Customers are told at the table about the change, and the menu will explain that “Lovina is proud to be tip free.” A no-tip line on the check will alert patrons so that they don’t accidentally leave a tip. It’s likely that for extra-special service some diners will want to leave an extra cash or Venmo tip, but that is discouraged.
Part of Bennett’s motivation was that she was “fed up” with all the “bickering” between those who received tips and those who didn’t. Another reason — and perhaps the biggest — was that as a small restaurant owner in a valley replete with hundreds of eateries and resorts all struggling to attract and retain staff, she needed to come up with a plan that provided a competitive advantage.
“We’ve been through fires, a continuing pandemic, drought and economic ups and downs, but what we’ve all learned is that people working in restaurants are essential and critical,” she said. “I believe our new plan to share profits in an equitable manner is the right thing to do but also the smart thing to do.”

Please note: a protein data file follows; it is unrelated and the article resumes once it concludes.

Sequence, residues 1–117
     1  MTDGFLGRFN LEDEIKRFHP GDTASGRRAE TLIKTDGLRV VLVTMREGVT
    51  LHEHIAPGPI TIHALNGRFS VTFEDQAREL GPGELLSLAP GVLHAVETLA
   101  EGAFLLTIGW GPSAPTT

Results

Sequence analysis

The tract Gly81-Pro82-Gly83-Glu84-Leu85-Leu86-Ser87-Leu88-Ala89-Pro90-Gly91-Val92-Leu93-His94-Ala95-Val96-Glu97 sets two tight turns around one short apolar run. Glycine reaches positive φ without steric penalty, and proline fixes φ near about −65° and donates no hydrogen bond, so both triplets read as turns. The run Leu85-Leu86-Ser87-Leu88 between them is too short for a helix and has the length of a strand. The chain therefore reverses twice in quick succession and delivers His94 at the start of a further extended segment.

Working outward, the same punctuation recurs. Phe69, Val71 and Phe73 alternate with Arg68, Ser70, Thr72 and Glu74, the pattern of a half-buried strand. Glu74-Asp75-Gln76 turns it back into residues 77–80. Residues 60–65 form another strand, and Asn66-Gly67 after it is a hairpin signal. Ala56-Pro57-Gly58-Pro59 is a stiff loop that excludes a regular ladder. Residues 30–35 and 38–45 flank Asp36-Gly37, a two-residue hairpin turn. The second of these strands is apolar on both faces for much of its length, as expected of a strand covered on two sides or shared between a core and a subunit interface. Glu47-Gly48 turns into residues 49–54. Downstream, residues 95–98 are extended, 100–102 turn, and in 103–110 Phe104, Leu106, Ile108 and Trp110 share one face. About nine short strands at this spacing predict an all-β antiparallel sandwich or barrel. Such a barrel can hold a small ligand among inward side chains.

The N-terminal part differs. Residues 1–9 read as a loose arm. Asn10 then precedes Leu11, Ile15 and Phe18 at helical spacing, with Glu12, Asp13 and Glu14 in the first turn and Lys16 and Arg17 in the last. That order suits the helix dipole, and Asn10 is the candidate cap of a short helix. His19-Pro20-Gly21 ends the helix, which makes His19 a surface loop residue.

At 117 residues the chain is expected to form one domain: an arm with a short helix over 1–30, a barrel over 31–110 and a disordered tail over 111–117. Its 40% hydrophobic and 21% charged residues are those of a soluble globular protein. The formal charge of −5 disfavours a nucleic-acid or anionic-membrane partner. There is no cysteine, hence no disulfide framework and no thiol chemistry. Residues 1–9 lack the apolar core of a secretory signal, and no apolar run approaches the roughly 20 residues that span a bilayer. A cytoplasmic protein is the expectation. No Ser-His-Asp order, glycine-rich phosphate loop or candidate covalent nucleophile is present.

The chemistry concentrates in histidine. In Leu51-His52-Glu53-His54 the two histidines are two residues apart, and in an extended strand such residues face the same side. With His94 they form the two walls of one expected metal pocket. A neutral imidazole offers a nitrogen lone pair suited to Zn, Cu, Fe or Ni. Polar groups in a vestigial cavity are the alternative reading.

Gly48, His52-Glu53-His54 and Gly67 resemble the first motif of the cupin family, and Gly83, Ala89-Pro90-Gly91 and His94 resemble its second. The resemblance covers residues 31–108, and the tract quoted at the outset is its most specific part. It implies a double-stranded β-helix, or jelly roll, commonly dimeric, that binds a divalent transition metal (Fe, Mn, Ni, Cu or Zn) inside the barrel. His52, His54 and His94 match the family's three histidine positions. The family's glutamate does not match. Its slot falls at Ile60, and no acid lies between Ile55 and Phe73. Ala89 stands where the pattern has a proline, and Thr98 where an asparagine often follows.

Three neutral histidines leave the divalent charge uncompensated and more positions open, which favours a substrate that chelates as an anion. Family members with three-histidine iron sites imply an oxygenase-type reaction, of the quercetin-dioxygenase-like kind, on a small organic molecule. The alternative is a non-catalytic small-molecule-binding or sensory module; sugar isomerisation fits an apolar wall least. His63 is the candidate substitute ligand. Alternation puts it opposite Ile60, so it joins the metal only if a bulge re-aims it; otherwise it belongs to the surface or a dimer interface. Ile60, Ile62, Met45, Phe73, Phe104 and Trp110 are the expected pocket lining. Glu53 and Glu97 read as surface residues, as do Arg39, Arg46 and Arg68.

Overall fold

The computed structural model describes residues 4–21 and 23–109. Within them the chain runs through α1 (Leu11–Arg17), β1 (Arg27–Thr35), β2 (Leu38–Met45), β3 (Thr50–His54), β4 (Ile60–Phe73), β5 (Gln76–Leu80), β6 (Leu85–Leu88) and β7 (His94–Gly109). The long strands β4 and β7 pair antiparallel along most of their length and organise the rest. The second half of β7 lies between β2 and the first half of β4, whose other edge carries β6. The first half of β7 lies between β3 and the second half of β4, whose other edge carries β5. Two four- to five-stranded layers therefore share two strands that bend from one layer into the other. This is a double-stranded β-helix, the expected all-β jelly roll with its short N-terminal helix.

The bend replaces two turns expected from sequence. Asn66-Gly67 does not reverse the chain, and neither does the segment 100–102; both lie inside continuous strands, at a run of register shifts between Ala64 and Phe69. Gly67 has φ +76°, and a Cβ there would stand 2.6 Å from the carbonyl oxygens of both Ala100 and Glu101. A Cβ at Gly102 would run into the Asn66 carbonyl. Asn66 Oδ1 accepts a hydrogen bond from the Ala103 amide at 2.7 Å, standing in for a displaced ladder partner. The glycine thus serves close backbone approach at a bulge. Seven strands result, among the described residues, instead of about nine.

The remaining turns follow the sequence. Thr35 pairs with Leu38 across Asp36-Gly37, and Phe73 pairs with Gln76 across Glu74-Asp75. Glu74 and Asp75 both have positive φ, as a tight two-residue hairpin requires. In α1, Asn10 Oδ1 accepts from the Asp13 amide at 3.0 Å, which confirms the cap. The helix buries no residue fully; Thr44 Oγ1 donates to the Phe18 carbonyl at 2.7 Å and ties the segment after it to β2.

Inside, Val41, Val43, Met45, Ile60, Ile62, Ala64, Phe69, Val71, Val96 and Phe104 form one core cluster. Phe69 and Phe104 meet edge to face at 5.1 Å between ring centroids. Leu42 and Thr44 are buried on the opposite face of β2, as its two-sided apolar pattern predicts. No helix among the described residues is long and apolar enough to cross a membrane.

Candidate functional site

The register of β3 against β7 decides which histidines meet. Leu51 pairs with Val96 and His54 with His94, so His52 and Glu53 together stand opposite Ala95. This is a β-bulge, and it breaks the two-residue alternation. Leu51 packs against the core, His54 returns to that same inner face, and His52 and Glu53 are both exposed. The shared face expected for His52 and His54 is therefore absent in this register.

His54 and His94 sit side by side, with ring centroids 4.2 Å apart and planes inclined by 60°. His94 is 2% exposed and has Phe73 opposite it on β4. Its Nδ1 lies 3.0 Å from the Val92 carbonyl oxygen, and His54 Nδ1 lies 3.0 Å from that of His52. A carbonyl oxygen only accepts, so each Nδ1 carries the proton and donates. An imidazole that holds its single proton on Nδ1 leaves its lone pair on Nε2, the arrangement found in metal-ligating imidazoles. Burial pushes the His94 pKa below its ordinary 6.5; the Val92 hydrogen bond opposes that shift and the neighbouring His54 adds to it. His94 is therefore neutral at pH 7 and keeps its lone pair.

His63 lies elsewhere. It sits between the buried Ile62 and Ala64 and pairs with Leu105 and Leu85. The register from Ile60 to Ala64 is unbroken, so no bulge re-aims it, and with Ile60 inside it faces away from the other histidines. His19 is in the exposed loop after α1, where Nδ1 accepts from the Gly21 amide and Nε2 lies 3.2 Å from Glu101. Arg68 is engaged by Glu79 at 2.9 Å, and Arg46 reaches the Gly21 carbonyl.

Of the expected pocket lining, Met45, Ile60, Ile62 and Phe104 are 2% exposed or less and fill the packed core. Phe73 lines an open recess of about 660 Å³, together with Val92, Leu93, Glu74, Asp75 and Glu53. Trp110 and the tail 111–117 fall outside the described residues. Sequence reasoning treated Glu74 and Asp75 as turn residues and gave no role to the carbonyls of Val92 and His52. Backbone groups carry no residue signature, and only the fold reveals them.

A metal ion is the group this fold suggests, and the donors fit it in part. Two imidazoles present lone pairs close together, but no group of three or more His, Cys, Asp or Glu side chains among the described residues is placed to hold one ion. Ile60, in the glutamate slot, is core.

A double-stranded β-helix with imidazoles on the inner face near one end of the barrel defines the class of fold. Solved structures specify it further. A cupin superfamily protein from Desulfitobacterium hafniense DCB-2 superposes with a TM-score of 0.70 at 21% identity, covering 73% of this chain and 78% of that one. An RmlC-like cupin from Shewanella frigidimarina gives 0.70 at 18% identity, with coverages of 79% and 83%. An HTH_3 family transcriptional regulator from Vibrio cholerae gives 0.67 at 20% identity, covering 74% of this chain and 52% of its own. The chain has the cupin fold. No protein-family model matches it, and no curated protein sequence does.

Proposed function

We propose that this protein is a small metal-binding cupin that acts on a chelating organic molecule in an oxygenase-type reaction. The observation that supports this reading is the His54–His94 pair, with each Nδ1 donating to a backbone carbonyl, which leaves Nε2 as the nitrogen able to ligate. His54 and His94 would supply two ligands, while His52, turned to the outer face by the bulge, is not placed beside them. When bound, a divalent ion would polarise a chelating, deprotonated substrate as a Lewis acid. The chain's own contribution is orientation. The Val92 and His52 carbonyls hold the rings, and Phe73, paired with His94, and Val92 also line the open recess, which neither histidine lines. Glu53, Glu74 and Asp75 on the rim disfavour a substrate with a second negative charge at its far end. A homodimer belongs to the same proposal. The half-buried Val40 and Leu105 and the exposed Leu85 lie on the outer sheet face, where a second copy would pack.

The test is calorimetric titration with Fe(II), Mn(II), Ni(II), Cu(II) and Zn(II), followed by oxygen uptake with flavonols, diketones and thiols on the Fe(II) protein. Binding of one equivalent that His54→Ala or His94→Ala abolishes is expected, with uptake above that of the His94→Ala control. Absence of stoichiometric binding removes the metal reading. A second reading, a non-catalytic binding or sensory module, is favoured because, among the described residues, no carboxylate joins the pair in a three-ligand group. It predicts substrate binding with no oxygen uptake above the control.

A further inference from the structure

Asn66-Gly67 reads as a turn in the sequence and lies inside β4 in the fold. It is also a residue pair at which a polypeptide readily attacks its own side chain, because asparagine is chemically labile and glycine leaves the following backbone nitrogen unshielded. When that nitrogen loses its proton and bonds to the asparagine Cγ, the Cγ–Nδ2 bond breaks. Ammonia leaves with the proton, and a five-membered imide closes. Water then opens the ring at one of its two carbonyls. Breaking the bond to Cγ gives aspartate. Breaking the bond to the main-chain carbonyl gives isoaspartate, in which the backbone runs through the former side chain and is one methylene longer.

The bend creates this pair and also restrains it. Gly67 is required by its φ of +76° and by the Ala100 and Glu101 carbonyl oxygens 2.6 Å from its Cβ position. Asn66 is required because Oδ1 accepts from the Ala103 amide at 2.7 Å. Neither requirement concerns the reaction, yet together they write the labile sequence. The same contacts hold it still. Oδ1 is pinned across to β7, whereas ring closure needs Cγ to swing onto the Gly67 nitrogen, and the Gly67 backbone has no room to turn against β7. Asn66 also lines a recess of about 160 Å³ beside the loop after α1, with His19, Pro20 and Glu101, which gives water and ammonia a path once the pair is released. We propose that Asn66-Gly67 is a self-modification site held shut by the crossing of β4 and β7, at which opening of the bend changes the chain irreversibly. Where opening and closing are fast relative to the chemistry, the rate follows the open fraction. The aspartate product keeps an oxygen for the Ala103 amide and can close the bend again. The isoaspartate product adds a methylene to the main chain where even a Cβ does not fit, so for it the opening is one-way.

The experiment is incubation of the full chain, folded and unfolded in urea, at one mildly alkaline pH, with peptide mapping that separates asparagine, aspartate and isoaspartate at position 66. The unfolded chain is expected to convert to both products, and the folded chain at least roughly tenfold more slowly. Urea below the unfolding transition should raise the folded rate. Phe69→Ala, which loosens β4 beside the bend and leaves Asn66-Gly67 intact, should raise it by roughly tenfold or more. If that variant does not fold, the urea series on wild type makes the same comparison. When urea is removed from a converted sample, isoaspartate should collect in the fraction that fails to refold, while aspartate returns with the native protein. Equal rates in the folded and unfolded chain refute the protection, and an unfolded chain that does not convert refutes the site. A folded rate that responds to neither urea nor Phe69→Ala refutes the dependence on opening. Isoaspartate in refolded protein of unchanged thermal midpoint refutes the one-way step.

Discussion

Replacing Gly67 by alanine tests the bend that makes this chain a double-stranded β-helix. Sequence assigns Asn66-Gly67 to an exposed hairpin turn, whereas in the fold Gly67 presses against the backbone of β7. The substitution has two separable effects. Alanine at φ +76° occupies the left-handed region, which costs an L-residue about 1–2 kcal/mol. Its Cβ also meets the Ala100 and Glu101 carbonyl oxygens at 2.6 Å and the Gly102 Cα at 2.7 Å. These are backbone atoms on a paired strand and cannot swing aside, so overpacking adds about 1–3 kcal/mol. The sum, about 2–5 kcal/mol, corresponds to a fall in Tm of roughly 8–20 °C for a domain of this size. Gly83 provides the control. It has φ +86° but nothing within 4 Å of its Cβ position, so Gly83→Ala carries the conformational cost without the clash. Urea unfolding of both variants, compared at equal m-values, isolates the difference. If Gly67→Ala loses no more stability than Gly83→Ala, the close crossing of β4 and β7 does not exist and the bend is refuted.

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An off-grid getaway in Alaska’s remote Aleutian Islands
—Where to stay: There are a few no-frills accommodations in old military housing ($150 night), including the Adak/Aleutian Experience and Adak Lodge and Outfitters, which offer hunting trips. Both also rent trucks for $150-$200 a day -- a must-have for backcountry exploration.
—Food: Dining and grocery options are limited and often closed. Bring a cooler of food as one of your three allowed checked bags to fuel your expedition.
—Wi-Fi: With limited cell service and achingly slow satellite-based Wi-Fi, take this opportunity to truly unplug.
—Permits: You’ll need a land use permit from the Aleut Corporation to hunt or hike on Adak. Pick one up for $30 when you arrive at the airport.
—Getting around: Grab an Adak map at the airport and download offline maps before you go. The Adak historical guide is also a great resource. Avoid the well-signed landfill sites and area to the north, known as Parcel 4, due to unexploded ordnance.
Drive carefully. As our host liked to remind us, “On Adak, not all roads are roads.”